Recent controversy has highlighted the issue of the use of drone technology at public events. Randle Stonier, CEO at Adding Value, offers a summary of UK legal requirements and best practice considerations
Last month, officers from the Metropolitan Police force seized a drone which they claimed was being flown over the Wimbledon tennis courts. The force said it was an offence to fly a drone “within 50m of a structure”.
Correctly managed, drones, can provide a great platform for capturing photos and video at festivals, bespoke hospitality events, incentive travel, sponsorship activations or even conferences and trade shows. But as the incident at Wimbledon demonstrates legal considerations and safety considerations must remain paramount.
Outlined below is my understanding of the current situation in the UK, pieced together from a variety of sources.
- A key reference source is the air navigation order on the Civil Aviation Authority website.
- The drone operation must not endanger anyone or anything.
- The drone must be kept within the visual line of sight of its remote photographer/operator.
- Operations beyond these distances must be approved by the CAA (the basic premise being for the ‘droneographer’ to prove that he/she can do this safely. A certificate of ‘photo drone pilotage competency’ is effectively being introduced for droneographers).
- Small unmanned aircraft (irrespective of their mass) that are being used for surveillance purposes are subject to even tighter restrictions and, permission maybe required from the CAA before operations are commenced.
- CAA permission is also required for all flights that are being conducted for aerial work (i.e. in very simple terms, you are getting paid for doing it i.e. your ‘droneographer’!).
- The ‘remote pilot’ has the responsibility for satisfying him/herself that the flight can be conducted safely.
The aircraft must not be flown:
over or within 150 metres of any congested area
over or within 150 metres of an organised open-air assembly of more than 1,000 persons;
within 50 metres of any vessel, vehicle or structure which is not under the control of the person in charge of the aircraft
within 50 metres of any person except during take-off or landing, the aircraft must not be flown within 30 metres of any person except for the person in charge of the aircraft.
The event organiser or event producer will need to ensure they have appropriate insurance cover and that the ‘droneographer’ is suitably insured too.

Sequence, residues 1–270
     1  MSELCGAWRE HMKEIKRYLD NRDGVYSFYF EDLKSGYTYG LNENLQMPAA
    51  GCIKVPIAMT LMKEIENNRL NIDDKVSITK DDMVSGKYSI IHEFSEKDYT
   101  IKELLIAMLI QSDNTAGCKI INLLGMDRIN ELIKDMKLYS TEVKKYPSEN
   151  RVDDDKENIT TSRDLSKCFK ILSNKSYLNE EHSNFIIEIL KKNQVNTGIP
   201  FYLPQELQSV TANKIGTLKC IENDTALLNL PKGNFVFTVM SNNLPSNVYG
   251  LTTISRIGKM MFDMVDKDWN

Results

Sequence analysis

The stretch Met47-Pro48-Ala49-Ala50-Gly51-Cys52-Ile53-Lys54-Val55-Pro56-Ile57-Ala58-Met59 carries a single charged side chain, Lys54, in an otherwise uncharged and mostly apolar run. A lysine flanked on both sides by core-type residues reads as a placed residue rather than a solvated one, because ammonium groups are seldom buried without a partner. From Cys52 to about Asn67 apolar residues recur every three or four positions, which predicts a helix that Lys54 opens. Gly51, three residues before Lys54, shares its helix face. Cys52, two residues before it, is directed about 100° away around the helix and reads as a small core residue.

Batteries last about 30 minutes.
There are a considerable number of UK restricted airspaces. This information can be found at www.skydemonlight.com. This shows that most of central London for example, is a no-go zone without CAA approved activity.
Drones and Data Protection
Event organisers should bear in mind that the collection of identifiable individuals’ images, even inadvertently, when using surveillance cameras mounted on a small unmanned surveillance aircraft, will be subject to the Data Protection Act. As this Act contains requirements concerning the collection, storage and use of such images, Small Unmanned Aircraft operators should ensure that they are complying with any such applicable requirements or exemptions. This gives rise to a whole host of extra issues.
Drones can be used internally within your event space – again insurances, risk assessments and data protection considerations will apply, as well as the terms and conditions of venue hire. Communal event spaces are likely to be no-go zones. Line of sight, aerials and wires, in light and in dark, droneographers blinded by the spotlights and audience hands of God are other factors to be borne in mind.
Don’t forget that drones can be noisy and disruptive.
One personal observation: completely unprotected rotary blades on drones strike me as a disaster waiting to happen.
In short, ‘droneography’ is do-able but there are more than a few hoops to ensure you’re compliant.